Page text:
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Local company makes dust-sized defense against counterfeitsUPDATED 7:12 PM HST Aug 27, 2013Video Transcript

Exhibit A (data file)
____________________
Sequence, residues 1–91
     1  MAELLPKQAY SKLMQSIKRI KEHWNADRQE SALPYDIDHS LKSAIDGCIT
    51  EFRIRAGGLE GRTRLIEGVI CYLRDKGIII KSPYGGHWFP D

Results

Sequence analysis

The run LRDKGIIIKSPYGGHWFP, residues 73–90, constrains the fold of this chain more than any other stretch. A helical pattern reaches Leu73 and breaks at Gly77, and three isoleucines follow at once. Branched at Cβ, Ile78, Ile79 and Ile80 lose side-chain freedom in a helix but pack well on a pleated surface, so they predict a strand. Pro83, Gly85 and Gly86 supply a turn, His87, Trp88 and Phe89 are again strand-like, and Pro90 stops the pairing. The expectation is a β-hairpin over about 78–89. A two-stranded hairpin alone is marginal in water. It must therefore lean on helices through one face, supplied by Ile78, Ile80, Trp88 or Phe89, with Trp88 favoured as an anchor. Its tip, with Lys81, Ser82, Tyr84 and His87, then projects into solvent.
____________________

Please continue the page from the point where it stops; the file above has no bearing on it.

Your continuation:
local innovation company. But those tiny markers could have a HUGE impact on the global problem of counterfeiting and food safety. KITV 4's Paul Drewes explains how. You won't be able to see these new high-tech tags on a product, but they'll be there -- full of incredible amounts of information. 11:22-11:32 "They are smaller than a human hair, we can embed over a million combinations of spectrum data into each." All that data is useful to combat the growing problem with counterfeits -- from high-end products to expensive medications. 14:04 "counterfeiting is a huge problem over trillion dolllars to two trillion in the next few years" Trutags are able to tell if the product is the real thing or in cases of medications -- can show its exact composition. Each individual pill can be coated with these tiny data- filled tags, like sprinkles on a doughnut. shot of scanner with pill Which when scanned with light will reveal important information. 12:40 "where manufactured, which batch, what date and where distributed" use shot at 30:12 The tags are made of silica, and approved by the FDA to be eaten. Which means they can be used to label and track all kinds of food. While could come in especially handy if there is a product recall or outbreaks of food poisoning. 12:18-12:24 "The authenticity, traceability and safety of food is a huge global issue" shot of sign outside At their Dole Cannery offices, Wuh says the tiny tags are just one of the innovative ideas they are turning into reality. 22:22-22:35 "our goal is to look for ideas from around the world and bring it back to hawaii and transform these ideas into technology that have a global impact" Paul Drewes KITV 4 news While the high-tech markers aren't in use yet, Wuh estimates the first products to feature TruTags will be rolled out later this year. He also plans an announcement over a manufacturing facility in the coming months. Expect a little more noise overhead in Kaneohe this weekend. Four MV-22B Osprey aircraft will be arriving at Marine Corps Base Hawaii. The aircraft will conduct a static display and flight demonstration at ONE p-m on Thursday to showcase the Osprey's capabilities. Marine Medium Tiltrotor, based out of Miramar, California, is visiting Oahu as it crosses the Pacific Ocean on its first west- coast deployment.